The Shrinking Pools

Published: December 2016


Burdened by low oil prices and macroeconomic instability, the regional banking sector is suffering from squeezed earnings as liquidity tightens and credit growth remains tepid. Given these conditions, many banks across the GCC will not meet profit targets, subsequently reducing bonus pool funding. How should banks in the region respond to the new economic climate and can they somehow convert this into an opportunity to derive competitive advantage?

The majority of GCC banks reported flat or negative third quarter net profit growth resulting from the dual challenge of liquidity dry-up from reduction in government oil deposits and low credit offtake and tight credit supply due to lending caps. This slowdown is likely to continue as the UAE Banks Federation (UBF) projects a 10 to 20 percent profit contraction in the UAE banking sector; a trend that is also expected across the GCC.

Despite tailwinds for the UAE banks on account of the new bankruptcy law in the UAE and the Interim Marginal Facility (IMLF) from the Central Bank, industry outlook remains weak. The onset of IFRS 9 and Basel III will increase capital requirements, tightening liquidity and adding stress to an already insecure environment.

Figure 1: Total Assets and Liabilities For UAE Banks Taper Off in Growth in 20161. Given this outlook, low (or even zero) bonus pools are likely, making it difficult to retain and motivate talent. We will further explain, in this article, a few aspects that banks should consider in these difficult times.

Variable Pay Structure

A well designed variable pay structure caters to all possible scenarios of business performance. Such structures would not need frequent adjustments to cater for exceptionally poor (or good) years. However, in cases where the variable pay structure is not sufficiently robust, banks should make suitable adjustments in exceptional years. For instance, in a sub-optimal year, the bonus pool for the mid- and junior-level staff should be 'ring-fenced' to avoid the senior staff commanding a disproportionately large share of the available pool.

However, annual bonus plan design is only as good as the performance measures driving it. The resilience of the chosen KPIs is tested in volatile years. It is important to ensure a relative frame of reference — is it more important for our shareholders to see YoY growth on our financials or do they equally care about us outperforming the market? A balance of absolute and relative measures can better cater to all types of business and economic scenarios.

In more challenging economic periods, long term incentives can serve as a useful tool to drive long-term firm health. However, although the prevalence of long-term incentives within the regional financial industry is fairly high, the design of these plans across many firms is often suboptimal. For instance, most banks across the GCC operate LTI structures only to cancel or adjust plans in later years with poor payouts! This reflects a culture of entitlement and drives expectations of almost guaranteed payouts; something of this nature would hardly be encouraged (especially within the financial industry) in most parts of the world. Long-term incentive design in the region often suffers from two noticeable flaws:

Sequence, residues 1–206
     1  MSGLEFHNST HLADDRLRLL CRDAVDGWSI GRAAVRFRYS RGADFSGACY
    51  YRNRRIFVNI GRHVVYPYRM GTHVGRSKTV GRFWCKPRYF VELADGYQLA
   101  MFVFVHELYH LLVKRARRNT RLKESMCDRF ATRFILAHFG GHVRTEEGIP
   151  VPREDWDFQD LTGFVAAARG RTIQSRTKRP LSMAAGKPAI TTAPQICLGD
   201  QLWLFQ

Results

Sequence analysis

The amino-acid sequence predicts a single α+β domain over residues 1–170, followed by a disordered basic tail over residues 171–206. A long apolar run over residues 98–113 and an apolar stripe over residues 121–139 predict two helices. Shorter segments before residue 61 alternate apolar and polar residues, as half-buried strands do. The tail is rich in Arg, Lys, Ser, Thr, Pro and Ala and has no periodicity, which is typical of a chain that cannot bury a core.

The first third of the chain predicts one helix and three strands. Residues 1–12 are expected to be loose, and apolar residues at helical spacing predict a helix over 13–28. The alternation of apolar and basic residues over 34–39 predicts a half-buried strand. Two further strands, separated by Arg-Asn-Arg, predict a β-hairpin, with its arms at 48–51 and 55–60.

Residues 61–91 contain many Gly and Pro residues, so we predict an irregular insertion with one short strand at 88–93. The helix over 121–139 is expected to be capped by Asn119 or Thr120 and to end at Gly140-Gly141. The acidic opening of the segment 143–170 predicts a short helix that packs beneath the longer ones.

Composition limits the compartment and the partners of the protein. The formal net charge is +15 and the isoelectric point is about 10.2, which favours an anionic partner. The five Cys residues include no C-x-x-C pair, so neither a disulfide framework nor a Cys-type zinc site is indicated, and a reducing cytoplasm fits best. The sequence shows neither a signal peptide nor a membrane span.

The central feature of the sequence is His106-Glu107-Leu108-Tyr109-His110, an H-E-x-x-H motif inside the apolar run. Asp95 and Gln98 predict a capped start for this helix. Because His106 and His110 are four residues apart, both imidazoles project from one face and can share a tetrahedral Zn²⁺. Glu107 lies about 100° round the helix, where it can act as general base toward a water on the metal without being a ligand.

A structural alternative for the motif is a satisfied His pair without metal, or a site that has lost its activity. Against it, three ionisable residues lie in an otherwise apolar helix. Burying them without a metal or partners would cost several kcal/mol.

1. They are backward looking and focus on historic performance levels, and
  2. They fail to take account of long-term multi-year performance

Where possible, the delivery of incentives through a combination of cash and equity better mitigates risk. Additionally, the current accounting treatment of equity-based awards (IFRS 2) makes the grant of equity-linked awards generally more optimal in a tough market. Regional stock exchanges have enjoyed higher trading volumes and better transparency in recent years strong rationale to consider the deployment of equity-based compensation structures.

Long-term incentives are great ways to deliver the right payouts whilst ensuring that the executive focus remains on forward looking multi-year performance. If properly structured, the plans can help mitigate the talent flight risk of lower bonus payouts in tough years.

In addition to Bonus and LTI plans, many banks in the region operate a suite of sales incentive and commission plans. Such plans, if designed properly, are self-funded with the expense charged contra-revenue. It is important that targets are carefully calibrated in reference to the Market. In years of low corporate bonus pools such plans best manage employee expectations, given their strong line of sight.


In times of weak business and economic outlook, firms often direct their attention towards cutting expenses however, it is perhaps more effective to measure and improve efficiency and productivity. Measures of productivity can be employed in variable pay plans to move the firm towards increased productivity. Banks typically use the following three measures of efficiency:

  1. Capital Efficiency
  2. Economic Efficiency
  3. Manpower Efficiency

Efficiency in the banking sector has traditionally relied on efficient usage of Capital. Historically, many financial institutions in the region (as well as globally) have given a strong focus on Return on Equity (ROE). Extensive focus on ROE, without a balance around equity to asset ratios, exposes banks to a pertinent risk around executives over-leveraging balance sheets to boost performance numbers.

The Basel III Accord enforces stricter Tier One capital thresholds in addition to the proportion of such capital that must be comprised of common equity and/or retained earnings. In preparation for these changes, banks must consider capital efficiency measures such as Return on Assets (ROA), which to a large extent alleviate the issue of leverage.